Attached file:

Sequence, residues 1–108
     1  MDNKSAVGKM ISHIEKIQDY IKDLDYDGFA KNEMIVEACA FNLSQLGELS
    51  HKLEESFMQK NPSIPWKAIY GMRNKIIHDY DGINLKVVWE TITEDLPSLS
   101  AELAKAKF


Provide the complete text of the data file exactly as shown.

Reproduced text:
Sequence, residues 1–108
     1  MDNKSAVGKM ISHIEKIQDY IKDLDYDGFA KNEMIVEACA FNLSQLGELS
    51  HKLEESFMQK NPSIPWKAIY GMRNKIIHDY DGINLKVVWE TITEDLPSLS
   101  AELAKAKF